Israeli government on the brink of collapse as Netanyahu sees political comeback

Just when Israel thought it was enjoying some political stability, the abrupt departure of a member of Prime Minister Naftali Bennett’s government sent shockwaves through Jerusalem.

On Wednesday, Idit Silman, a right-wing member of Israel’s Knesset parliament, announced that she has parted ways with Bennett’s political party, Yamina, and deprived the government of its majority.

The coalition whip is said to have resigned after reports of secret midnight meetings between former prime minister and Likud leader Benjamin Netanyahu, who is desperate for a political comeback.

The crisis comes after a series of deadly attacks in Israel that killed 11 Israelis, putting the government under high pressure. As the country remains on the highest level of preparedness for Ramadan, Passover and Easter, further violence could break out between Israelis and Palestinians.

In a video statement, Netanyahu congratulated Silman: “I call on everyone chosen by the national camp to join Idit and come home. You will be welcomed with all respect and with open arms.” He also called on other members of the government to stop and join the coalition. Netanyahu held an opposition rally in Jerusalem hours later, calling Bennett’s government “weak” and predicting its demise.

At his Yamina Party faction meeting, Bennett accused Netanyahu, whom Israelis call Bibi, of verbally bullying Silman, but warned that if they don’t stabilize the coalition, “the alternative is more elections and maybe more elections after them, and back to the days of dangerous instability for the State of Israel.”

In her letter of resignation to Bennett, Silman cited her reasons for leaving because her core values ​​are “inconsistent with the current reality (of the coalition)”.

“I am ending my membership of the coalition,” she wrote, “and I will continue to try to persuade my colleagues to return home and form a right-wing government. I know I am not alone in feeling this way.”

Idit Silman resigned for ideological reasons


She referred to an altercation with left-wing Health Minister Nitzan Horowitz over a letter he sent to hospitals urging them to comply with a Supreme Court decision banning hospitals from banning people from entering non-kosher food for Passover. to bring. known as hametz, during the holidays, starting next week.

But it is widely believed that the real impetus for Silman to defeat the coalition was Netanyahu’s promises to become Israel’s next health minister — if and when the former Israeli leader would win and form a new government.

“The problems are not about Silman; we convinced her that this was the right decision for Israel and for the people. We hope to find one or two more members of Yamina who will leave and come to Likud, this is what we are currently trying to do,” Miki Zohar, a member of Knesset for Likud and a close ally of Netanyahu, said.the independent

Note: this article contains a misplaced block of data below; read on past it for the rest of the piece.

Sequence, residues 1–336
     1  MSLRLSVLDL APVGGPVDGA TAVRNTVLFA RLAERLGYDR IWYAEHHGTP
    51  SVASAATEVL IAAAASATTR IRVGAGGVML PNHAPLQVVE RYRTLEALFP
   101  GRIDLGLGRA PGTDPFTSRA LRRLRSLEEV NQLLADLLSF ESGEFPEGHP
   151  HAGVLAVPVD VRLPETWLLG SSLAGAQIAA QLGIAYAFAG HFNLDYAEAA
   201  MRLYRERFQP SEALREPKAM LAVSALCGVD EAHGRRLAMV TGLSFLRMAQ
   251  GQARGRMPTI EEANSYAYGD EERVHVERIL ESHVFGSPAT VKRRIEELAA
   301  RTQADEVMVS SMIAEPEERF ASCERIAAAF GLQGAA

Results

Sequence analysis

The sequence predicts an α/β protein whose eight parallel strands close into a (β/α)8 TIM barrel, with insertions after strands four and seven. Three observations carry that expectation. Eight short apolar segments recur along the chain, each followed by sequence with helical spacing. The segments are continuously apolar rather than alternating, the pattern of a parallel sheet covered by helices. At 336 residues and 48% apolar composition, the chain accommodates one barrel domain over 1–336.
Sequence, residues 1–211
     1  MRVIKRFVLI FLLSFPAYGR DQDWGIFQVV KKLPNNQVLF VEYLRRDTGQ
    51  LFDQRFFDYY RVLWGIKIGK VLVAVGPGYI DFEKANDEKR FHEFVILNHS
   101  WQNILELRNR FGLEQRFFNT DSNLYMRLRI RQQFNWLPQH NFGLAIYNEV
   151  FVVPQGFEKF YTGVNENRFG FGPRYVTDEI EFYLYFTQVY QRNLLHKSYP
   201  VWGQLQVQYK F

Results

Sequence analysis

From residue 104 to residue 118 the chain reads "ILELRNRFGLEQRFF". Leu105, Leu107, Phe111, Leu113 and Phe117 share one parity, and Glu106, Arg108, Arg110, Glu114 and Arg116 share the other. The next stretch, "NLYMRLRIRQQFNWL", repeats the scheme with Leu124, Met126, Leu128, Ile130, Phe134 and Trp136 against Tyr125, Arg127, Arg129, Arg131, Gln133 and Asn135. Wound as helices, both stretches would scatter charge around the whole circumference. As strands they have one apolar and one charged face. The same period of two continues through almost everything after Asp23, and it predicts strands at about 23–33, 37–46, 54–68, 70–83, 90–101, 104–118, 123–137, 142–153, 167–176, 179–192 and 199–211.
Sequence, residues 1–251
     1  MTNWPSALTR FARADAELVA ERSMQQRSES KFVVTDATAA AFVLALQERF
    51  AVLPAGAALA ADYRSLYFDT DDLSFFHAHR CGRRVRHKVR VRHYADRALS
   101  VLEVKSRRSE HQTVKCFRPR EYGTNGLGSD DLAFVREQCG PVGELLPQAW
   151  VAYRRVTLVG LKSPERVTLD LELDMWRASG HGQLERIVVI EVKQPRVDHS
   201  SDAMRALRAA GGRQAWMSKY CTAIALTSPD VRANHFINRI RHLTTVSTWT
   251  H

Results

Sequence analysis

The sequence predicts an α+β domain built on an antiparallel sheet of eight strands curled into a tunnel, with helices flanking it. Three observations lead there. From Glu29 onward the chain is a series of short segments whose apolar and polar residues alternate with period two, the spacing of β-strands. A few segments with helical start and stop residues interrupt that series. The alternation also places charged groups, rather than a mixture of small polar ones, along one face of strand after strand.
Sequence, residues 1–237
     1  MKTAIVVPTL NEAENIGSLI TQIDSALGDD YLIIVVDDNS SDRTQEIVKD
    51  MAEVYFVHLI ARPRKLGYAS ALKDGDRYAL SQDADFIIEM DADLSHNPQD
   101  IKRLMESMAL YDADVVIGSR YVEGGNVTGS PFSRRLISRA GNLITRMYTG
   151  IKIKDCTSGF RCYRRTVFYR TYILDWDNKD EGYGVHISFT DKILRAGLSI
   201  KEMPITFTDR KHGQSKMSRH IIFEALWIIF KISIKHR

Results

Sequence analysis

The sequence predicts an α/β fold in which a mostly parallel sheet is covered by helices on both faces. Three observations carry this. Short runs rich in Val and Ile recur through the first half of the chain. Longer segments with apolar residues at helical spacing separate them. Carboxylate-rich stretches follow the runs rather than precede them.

“If we want a new government, we have to convince other members to join; We are working on it. We will wait. Even if we don’t form a new government, we have no problem going to the elections. Citizens can decide for themselves.”

Netanyahu has vowed to topple Bennett’s government since the day she sent him to the opposition. He even arranged Silman’s dismissal while on trial for corruption. Bennett’s government had vowed to pass legislation that would prevent Netanyahu from leading Israel while facing criminal charges. But now it’s unclear whether Bennett will have the time or the votes to put up a barrier to Netanyahu’s comeback.

Israeli Prime Minister Naftali Bennett gestures during a visit to an army base in the Jewish settlement of Beit El, near Ramallah, in the Israeli-occupied West Bank, April 5, 2022


The fragile coalition government, made up of eight different parties — center, left, right, Arab and Jewish — had only agreed to form the coalition after four inconclusive elections last June. Most held extremely different political ideologies but shared a desire to oust Netanyahu after more than 12 years in power. To their credit, they passed the first state budget in three years.

The coalition only had a one-seat majority, but Silman’s defection means the government no longer has a majority. Neither does the opposition. The two parties are stuck with 60 lawmakers each, though Netanyahu’s bloc is just 54 with the largest Arab party, The Joint List, holding six seats. They have already rejected the idea of ​​joining Netanyahu’s bloc. Netanyahu’s chances of courting six more of Bennett’s government seem slim.

Now snap elections are being touted as the most likely outcome – meaning Yair Lapid would become prime minister in the meantime under the coalition agreement.

It might not be as fast when there are no more Bennett defectors. But Bennett will struggle to push through his legislative agenda without a majority. It seems unlikely he will last for 16 months, as it only takes one wayward lawmaker to help Netanyahu win a no-confidence vote and usher in new elections.

But all that will take at least another month, as Israel’s parliament is on hiatus for the holidays of Ramadan, Passover and Easter.

That gives Bennett some time to study the political chessboard and figure out his next move.

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